Kathryn’s first collection, Sunday at the Skin Launderette won the Forward Prize for best first collection in 2008. Her short stories have been published in magazines and broadcast on Radio 4. Her first novel, Love and Fallout was published by Seren Books in 2014. We chat with Kathryn about her book, her planning process and Oscar Wilde.
Can you tell us about your novel, Love and Fallout and how the idea originated?
The idea for the novel evolved from a short story I was writing about a charity worker who gets a sudden and unwelcome TV makeover. To help fill in my character’s history, I did some research into the Greenham Common peace camp where she’d protested as a teenager, and the more I read the more fascinated I became.
As I looked at film footage of the 1980s demonstrations, particularly ‘Embrace the Base’, when thirty-thousand women joined hands around the military airbase, I wondered where those women were now and what they might be doing. My original story grew: my character had a secret from her past, an old friend of hers turned up, and gradually a novel began to take shape.
What’s your planning process like when writing a novel?
This is my first novel so I don’t have a tried and tested method. Love and Fallout became difficult to control as the story expanded, and mid-way through I had to stop and properly consider the plot. Writing into the unknown is exciting, but I learned that it’s also necessary to have a loose idea of what’s ahead or you’ll write yourself into a corner.
Which song would best describe you?
‘What a Day for a Daydream’ – somehow I’ve turned daydreaming into a career choice.
What’s your favourite word?
Discombobulate is a good one. Or maybe clavicle.
What three things would you need with you on a desert island?
A coffee machine, a notebook, and a very long novel.
Do you edit as you go? How many words do you aim for in the first and last draft?
My approach to writing Love and Fallout was fairly chaotic. Some chapters were edited as I went along, others were worked on at a later date, but all of them were rewritten. I wasn’t aiming for a particular word count, just trying to get the story down, but when it came to the final edit I shaved off as much as possible, so the book came in at about 100,000 words. I tend to be impatient with books (or films) which are over long, but my novel has two time frames and quite a large cast of characters, so they all needed space. A book should be as short or long as the story demands.
What’s the best piece of writing advice you’ve had and what’s your best writing moment so far?
‘All writing is rewriting’ is a piece of advice I’ve hung on to. In an interview Hilary Mantel advised ‘Write the book you’d like to read’ and those are sage words: most writers are writing the story they haven’t found anywhere else. As to my best writing moment, that would probably be the day after the launch party for the novel – the relief of having officially finished.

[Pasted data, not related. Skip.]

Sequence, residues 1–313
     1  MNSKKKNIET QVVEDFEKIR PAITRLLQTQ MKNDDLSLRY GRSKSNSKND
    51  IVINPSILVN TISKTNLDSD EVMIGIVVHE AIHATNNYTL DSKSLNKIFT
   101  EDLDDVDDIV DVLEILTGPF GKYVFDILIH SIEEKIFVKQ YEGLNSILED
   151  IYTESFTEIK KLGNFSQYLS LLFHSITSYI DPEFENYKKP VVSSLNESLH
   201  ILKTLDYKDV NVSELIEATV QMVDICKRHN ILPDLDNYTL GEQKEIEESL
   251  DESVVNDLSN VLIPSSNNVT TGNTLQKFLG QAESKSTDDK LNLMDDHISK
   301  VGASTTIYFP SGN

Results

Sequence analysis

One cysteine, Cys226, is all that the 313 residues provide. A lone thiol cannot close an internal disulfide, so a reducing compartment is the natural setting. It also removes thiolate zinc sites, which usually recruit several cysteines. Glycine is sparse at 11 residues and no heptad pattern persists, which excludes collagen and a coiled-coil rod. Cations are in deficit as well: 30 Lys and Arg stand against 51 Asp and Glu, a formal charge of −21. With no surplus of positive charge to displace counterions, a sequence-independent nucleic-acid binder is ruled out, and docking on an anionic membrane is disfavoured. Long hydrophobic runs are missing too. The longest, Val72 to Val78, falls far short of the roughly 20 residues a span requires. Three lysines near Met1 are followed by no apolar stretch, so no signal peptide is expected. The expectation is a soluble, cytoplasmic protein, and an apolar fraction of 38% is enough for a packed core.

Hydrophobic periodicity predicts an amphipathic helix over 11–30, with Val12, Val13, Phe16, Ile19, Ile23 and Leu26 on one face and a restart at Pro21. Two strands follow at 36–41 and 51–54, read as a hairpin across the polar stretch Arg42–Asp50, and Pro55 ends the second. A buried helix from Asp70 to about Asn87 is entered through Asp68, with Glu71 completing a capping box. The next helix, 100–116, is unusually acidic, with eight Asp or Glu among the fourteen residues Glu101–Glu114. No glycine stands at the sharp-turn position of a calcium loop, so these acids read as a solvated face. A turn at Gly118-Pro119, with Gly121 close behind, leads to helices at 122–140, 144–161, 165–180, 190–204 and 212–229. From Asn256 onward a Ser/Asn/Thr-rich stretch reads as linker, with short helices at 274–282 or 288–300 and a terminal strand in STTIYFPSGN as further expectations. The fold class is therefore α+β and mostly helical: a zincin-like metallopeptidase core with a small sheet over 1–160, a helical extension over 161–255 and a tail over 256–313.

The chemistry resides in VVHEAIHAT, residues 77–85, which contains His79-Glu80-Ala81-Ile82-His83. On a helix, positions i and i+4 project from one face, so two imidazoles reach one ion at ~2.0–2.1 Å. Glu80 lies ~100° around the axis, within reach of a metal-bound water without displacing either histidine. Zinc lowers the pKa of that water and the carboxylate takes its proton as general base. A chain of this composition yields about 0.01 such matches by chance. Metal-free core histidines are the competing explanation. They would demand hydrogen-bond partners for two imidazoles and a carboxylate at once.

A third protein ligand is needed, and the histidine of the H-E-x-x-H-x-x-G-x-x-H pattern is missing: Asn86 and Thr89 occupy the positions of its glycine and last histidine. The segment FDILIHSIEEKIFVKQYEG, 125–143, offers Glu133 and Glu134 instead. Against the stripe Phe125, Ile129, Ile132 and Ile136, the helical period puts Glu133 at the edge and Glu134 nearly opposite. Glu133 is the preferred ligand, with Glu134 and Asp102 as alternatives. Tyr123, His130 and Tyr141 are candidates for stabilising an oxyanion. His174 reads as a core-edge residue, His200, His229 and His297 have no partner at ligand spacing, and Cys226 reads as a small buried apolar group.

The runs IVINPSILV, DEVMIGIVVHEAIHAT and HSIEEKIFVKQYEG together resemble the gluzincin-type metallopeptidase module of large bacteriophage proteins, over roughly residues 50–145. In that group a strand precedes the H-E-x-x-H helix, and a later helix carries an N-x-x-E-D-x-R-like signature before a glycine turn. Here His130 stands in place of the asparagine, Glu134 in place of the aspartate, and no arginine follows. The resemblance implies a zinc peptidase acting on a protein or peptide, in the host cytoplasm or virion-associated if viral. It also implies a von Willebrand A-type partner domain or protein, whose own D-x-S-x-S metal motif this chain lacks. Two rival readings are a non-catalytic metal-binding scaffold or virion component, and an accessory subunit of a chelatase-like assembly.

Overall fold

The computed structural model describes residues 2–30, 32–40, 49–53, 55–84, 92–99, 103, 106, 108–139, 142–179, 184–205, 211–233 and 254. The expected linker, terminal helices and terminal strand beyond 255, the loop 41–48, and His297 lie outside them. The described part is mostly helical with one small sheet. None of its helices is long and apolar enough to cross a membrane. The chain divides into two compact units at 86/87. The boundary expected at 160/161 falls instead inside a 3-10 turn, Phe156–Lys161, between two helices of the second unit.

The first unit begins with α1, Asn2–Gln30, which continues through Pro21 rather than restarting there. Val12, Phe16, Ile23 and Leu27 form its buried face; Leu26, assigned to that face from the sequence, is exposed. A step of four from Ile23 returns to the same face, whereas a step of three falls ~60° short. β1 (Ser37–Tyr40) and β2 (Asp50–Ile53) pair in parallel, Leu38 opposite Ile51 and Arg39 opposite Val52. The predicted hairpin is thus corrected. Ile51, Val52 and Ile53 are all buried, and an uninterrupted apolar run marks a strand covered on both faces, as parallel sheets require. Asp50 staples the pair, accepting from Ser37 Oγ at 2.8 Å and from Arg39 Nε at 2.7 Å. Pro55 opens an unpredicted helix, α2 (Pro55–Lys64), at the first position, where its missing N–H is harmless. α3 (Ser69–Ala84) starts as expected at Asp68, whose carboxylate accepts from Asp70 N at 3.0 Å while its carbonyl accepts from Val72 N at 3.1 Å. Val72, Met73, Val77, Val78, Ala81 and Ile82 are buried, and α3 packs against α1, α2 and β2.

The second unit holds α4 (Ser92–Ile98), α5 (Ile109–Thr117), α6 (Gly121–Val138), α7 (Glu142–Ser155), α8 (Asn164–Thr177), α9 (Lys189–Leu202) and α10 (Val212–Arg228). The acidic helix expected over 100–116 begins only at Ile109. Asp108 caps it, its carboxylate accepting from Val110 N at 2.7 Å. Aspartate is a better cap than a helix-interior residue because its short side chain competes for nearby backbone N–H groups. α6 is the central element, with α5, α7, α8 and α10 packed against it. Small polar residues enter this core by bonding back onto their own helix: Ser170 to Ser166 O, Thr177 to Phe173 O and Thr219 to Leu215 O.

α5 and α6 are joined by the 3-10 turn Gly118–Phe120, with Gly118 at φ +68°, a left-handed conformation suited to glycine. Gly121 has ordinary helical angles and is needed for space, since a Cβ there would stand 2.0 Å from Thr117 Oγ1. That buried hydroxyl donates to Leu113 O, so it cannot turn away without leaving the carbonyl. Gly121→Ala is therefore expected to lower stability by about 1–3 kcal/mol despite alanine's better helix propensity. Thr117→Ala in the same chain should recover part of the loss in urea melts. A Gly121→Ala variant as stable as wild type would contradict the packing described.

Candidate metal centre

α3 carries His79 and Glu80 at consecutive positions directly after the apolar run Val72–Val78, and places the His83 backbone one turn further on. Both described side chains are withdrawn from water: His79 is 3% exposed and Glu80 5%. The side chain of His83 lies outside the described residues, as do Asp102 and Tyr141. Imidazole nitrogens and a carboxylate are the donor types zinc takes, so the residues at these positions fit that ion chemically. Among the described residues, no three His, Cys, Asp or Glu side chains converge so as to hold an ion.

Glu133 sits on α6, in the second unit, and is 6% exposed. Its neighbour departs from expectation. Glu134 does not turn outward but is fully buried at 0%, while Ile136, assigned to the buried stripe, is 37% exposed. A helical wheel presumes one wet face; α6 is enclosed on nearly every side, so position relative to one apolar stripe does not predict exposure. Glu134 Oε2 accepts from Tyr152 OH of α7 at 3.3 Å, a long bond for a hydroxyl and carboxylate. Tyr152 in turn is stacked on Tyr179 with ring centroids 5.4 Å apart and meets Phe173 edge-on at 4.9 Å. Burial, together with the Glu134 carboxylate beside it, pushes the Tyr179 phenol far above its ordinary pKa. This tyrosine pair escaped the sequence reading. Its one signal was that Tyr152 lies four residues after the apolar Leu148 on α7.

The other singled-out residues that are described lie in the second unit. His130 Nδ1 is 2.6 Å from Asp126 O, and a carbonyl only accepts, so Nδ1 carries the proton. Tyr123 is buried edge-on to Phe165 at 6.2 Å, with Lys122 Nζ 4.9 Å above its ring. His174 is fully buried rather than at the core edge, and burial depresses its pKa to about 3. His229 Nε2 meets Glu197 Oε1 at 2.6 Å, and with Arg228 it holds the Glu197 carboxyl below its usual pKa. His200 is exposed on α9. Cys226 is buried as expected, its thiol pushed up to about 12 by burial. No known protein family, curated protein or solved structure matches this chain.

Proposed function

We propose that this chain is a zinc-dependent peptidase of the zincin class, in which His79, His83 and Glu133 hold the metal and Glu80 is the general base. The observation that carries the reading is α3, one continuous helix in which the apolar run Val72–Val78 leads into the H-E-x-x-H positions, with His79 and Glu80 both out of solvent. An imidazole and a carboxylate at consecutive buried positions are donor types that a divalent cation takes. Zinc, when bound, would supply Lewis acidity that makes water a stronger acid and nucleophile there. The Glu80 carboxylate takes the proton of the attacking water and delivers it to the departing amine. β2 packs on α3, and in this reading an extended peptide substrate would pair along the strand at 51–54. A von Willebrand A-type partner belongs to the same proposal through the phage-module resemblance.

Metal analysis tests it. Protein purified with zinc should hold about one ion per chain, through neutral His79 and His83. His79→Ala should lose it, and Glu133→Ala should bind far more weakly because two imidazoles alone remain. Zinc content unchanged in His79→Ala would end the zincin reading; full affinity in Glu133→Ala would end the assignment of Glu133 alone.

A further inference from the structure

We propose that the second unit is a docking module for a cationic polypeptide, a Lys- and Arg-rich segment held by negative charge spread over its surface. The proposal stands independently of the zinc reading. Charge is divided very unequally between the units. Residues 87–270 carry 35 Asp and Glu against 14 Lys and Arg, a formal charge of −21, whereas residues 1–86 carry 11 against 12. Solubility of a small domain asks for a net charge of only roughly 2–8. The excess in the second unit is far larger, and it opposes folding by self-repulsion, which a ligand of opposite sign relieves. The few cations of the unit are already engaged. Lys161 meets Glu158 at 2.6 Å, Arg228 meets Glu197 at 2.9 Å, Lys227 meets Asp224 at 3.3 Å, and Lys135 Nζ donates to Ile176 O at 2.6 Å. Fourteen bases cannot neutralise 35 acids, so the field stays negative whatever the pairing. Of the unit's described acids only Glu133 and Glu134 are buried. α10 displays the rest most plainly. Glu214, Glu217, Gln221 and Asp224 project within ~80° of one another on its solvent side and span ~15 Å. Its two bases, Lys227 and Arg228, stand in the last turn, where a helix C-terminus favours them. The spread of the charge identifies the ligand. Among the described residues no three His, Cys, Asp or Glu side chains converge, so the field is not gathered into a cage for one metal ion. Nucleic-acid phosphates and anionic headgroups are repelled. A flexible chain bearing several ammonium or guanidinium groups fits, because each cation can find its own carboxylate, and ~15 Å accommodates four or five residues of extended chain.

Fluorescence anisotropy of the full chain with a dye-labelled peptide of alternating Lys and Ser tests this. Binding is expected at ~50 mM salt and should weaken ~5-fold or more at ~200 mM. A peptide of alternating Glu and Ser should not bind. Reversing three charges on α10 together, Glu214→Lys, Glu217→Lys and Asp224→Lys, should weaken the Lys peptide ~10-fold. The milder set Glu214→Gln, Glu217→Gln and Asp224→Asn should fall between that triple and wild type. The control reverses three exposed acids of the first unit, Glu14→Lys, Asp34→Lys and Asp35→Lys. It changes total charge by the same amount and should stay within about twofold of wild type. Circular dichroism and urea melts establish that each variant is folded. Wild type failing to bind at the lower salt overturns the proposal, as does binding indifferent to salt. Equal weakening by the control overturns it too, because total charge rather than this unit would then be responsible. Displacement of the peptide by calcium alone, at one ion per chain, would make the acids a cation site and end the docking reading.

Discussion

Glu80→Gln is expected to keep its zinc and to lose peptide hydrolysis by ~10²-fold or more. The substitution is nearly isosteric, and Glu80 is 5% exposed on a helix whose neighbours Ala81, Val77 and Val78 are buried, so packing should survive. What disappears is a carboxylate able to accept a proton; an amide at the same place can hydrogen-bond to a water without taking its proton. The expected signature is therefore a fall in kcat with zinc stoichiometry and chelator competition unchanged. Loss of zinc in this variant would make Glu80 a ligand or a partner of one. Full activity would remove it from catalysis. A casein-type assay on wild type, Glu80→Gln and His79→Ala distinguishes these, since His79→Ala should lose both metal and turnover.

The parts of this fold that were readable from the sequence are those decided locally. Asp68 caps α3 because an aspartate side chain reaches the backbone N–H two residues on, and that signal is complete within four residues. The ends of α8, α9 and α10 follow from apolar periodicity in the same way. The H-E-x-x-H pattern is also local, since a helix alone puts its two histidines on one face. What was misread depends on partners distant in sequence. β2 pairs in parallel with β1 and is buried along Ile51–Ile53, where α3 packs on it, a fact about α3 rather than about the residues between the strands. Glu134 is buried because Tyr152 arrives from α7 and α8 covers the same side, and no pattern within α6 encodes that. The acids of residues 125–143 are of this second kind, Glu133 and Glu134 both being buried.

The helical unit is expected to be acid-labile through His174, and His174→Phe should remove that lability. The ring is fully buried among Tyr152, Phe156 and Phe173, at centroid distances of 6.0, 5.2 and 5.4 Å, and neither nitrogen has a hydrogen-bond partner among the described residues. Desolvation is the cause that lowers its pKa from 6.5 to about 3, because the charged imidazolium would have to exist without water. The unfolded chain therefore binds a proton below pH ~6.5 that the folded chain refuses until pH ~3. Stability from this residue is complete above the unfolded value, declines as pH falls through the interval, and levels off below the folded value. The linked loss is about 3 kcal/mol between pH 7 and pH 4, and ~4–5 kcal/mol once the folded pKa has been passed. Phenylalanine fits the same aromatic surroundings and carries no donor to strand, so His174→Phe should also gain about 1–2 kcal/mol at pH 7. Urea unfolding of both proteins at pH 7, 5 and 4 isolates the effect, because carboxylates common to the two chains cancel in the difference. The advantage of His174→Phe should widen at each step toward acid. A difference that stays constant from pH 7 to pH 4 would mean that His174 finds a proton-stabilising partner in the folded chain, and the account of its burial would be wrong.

Is there a book you’ve read that’s stuck with you and why?
Books from childhood are incredibly potent, and two of my earliest reading memories are The Selfish Giant by Oscar Wilde, which can still raise a tear, and also Edward Lear’s nonsense poetry. I loved the sheer strangeness of Lear, the delightful peculiarity of The Jumblies or The Dong with a Luminous Nose.
Which fictional character would you like to have a conversation with and what do you think you’d talk about?
Becky Sharp from Vanity Fair. She’d have an enormous supply of wicked stories so I’d let her do the talking.
Five tips for new writers?
1. Write about whatever compels you.
2. Don’t discuss your story too much or you’ll lose the will to write it.
3. Look carefully at the work of writers you admire to understand their techniques.
4. Find the people whose opinion you trust (it won’t always be flattering) and listen to them.
5. Expect to revise your novel extensively even after you think it’s finished.
About Love and Fallout…
When Tessa’s best friend organises a surprise TV makeover for her, Tessa is horrified. It’s the last thing she needs – her business is on the brink of collapse, her marriage is under strain and her daughter is more interested in beauty pageants than student politics. What’s more, the ‘Greenham Common angle’ the TV producers have devised reopens some personal history Tessa has tried to forget. Then Angela gets in touch, Tessa’s least favourite member of the Greenham gang, and she’s drawn back into her muddy past. Moving between 1982 and the present, and set against the mass protests which touched thousands of women’s lives, Love and Fallout is a book about friendship, motherhood and the accidents that make us who we are.
Visit Kathryn’s website at http://kathrynsimmonds.wordpress.com